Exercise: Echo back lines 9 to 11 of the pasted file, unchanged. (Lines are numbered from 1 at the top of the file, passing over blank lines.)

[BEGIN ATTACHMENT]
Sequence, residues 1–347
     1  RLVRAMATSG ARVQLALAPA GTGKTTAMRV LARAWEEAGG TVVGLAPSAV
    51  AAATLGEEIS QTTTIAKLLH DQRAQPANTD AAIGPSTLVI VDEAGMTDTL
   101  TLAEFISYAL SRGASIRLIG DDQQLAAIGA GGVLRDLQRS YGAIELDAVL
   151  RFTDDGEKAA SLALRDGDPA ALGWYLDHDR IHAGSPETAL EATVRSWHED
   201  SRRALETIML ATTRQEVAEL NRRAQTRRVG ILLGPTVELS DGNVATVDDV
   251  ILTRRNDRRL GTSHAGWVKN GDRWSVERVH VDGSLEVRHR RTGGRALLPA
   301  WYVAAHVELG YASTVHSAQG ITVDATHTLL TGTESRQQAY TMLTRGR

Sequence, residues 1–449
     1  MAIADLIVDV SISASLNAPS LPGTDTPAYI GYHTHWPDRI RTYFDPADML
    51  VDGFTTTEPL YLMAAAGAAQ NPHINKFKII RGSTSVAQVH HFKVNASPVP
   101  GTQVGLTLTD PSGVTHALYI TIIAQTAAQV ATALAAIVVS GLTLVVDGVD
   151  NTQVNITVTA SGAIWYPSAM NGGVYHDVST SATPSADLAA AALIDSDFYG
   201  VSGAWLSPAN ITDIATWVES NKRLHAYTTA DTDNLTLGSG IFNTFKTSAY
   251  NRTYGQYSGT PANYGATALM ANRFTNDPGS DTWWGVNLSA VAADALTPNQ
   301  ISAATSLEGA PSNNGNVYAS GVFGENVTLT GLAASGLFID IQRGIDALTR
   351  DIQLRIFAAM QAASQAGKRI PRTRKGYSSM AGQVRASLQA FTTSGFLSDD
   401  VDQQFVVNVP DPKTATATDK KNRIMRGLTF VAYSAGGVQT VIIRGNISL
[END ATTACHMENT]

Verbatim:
Sequence, residues 1–449
     1  MAIADLIVDV SISASLNAPS LPGTDTPAYI GYHTHWPDRI RTYFDPADML
    51  VDGFTTTEPL YLMAAAGAAQ NPHINKFKII RGSTSVAQVH HFKVNASPVP